In the first number of the Quarterly Journal of Economics
its enlightened Paris
correspondent, Arthur Mangin
, says that in France
“the development of industrial labor and the great works undertaken by the State
and by .cities have brought about a steady emigration of peasants to the cities, and a rise in agricultural wages, which in some regions is from 200 to 300 per cent.” 1
Even in Russia
, the newspapers tell us, anxiety is felt at the tendency of the former serfs to abandon their lands, and congregate around larger employers of labor or else in cities.
But the true solution of the matter appears to lie in a direction where Mr. Allen
, perhaps from having made too rapid a trip through “the States,” has failed to find it. In the older parts of the American Union, side by side with the abandonment of the rural regions as the sole or permanent residence, has come up an enormous increase of those who are, so to speak, double residents of city and country — the one in the winter, the other in the summer.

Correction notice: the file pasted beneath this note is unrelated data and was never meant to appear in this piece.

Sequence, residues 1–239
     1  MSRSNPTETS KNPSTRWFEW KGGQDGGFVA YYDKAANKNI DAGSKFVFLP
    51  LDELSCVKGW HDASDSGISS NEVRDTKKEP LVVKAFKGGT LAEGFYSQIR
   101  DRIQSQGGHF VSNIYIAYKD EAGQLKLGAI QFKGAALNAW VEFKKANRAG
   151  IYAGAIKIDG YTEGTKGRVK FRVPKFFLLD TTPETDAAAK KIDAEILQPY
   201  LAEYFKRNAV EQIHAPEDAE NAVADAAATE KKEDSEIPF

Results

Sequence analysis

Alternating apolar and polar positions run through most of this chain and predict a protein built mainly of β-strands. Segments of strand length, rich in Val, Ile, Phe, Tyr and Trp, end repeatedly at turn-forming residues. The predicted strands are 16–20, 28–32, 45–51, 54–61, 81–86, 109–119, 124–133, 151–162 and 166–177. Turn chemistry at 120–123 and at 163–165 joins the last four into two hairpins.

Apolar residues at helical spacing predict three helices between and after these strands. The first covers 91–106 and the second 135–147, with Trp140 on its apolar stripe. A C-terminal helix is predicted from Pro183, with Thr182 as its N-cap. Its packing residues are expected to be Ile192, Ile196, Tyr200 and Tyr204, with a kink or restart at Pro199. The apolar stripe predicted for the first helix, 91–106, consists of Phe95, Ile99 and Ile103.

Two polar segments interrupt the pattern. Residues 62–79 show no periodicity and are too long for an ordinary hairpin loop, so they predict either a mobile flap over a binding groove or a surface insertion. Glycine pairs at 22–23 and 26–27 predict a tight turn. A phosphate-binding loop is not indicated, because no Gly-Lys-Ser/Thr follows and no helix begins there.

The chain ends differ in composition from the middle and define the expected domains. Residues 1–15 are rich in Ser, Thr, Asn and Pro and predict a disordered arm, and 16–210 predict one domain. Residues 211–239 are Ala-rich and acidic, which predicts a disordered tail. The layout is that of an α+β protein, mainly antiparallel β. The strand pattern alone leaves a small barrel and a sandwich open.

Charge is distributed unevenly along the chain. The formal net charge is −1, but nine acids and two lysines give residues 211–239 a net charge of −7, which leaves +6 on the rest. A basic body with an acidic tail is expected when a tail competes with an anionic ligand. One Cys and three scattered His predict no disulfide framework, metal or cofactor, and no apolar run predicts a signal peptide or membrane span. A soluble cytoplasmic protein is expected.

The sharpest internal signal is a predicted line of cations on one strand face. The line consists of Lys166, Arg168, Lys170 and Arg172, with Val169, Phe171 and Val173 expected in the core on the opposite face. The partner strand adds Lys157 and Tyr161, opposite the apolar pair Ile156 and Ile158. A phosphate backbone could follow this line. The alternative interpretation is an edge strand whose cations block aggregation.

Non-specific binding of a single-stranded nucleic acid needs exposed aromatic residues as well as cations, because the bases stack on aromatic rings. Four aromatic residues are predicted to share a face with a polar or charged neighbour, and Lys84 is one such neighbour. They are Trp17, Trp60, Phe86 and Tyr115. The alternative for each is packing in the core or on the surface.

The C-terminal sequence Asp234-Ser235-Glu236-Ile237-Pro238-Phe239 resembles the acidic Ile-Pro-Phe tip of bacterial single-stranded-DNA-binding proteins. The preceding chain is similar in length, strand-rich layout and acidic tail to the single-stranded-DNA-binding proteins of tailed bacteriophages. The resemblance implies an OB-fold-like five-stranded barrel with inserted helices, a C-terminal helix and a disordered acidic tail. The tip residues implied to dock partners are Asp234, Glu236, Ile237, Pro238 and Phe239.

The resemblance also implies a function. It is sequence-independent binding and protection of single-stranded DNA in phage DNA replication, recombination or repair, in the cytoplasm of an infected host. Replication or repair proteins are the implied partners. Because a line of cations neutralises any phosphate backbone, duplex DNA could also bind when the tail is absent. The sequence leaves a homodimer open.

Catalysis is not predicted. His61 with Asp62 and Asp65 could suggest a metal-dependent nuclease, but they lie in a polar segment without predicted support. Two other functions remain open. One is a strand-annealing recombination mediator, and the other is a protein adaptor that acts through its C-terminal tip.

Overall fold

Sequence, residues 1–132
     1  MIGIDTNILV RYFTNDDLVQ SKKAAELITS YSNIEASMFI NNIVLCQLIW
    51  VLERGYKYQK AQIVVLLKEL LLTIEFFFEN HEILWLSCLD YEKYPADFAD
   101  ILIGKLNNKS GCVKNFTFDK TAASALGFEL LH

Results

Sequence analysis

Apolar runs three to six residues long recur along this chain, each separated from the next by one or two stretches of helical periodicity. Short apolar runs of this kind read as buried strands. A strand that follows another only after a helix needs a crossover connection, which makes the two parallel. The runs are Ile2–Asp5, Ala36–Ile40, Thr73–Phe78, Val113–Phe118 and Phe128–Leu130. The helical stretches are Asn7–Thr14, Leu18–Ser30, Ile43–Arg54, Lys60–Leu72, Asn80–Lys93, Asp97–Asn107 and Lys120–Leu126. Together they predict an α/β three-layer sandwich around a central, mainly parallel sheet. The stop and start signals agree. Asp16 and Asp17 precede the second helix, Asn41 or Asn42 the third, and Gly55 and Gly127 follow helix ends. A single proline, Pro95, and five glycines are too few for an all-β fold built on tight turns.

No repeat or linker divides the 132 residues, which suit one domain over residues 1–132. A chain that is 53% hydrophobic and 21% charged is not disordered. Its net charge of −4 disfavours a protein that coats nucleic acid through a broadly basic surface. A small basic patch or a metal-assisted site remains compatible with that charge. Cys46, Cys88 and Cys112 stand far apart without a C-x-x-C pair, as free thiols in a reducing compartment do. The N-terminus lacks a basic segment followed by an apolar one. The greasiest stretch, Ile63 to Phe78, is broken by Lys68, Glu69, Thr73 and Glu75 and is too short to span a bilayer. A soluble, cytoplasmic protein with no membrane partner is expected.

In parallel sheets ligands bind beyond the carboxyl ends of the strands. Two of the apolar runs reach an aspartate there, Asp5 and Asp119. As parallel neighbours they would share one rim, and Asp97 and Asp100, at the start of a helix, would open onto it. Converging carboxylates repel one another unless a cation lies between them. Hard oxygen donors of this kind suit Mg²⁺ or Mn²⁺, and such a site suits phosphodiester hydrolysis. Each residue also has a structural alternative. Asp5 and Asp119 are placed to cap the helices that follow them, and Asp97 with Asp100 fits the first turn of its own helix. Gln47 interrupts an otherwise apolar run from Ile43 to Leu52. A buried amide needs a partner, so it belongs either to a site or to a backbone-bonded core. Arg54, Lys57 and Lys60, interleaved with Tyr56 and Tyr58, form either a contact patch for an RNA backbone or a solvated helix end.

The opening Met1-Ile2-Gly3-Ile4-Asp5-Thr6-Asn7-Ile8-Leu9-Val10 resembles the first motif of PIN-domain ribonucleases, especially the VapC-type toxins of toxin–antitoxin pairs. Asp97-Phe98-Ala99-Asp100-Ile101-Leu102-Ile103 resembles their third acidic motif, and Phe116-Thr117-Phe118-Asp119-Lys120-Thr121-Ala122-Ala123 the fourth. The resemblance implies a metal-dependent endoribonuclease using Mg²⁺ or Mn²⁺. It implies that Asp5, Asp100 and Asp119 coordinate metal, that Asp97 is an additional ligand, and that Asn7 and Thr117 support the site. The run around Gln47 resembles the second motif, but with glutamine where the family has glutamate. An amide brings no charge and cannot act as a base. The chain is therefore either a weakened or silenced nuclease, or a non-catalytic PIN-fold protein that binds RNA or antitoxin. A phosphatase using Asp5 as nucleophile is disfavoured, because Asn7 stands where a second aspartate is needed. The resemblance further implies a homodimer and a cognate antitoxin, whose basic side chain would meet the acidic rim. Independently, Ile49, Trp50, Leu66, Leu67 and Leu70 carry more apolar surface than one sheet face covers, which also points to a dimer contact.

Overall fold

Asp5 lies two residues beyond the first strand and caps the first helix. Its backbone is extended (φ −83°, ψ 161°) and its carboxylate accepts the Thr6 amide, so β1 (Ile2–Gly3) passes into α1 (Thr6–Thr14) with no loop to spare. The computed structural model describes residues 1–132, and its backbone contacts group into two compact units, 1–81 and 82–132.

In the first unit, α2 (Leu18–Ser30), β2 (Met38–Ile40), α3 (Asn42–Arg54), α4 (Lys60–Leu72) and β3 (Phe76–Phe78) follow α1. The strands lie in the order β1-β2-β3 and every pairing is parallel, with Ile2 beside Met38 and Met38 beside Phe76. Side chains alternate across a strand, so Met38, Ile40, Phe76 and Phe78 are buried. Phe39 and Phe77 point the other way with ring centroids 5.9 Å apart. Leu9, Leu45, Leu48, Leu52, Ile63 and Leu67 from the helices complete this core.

In the mild winters of England
, where there is not a month in the year in which some flower does not bloom out-of-doors, and hardly one in which some bird does not build its nest, this distinction is less sharp; and Americans
are always surprised to find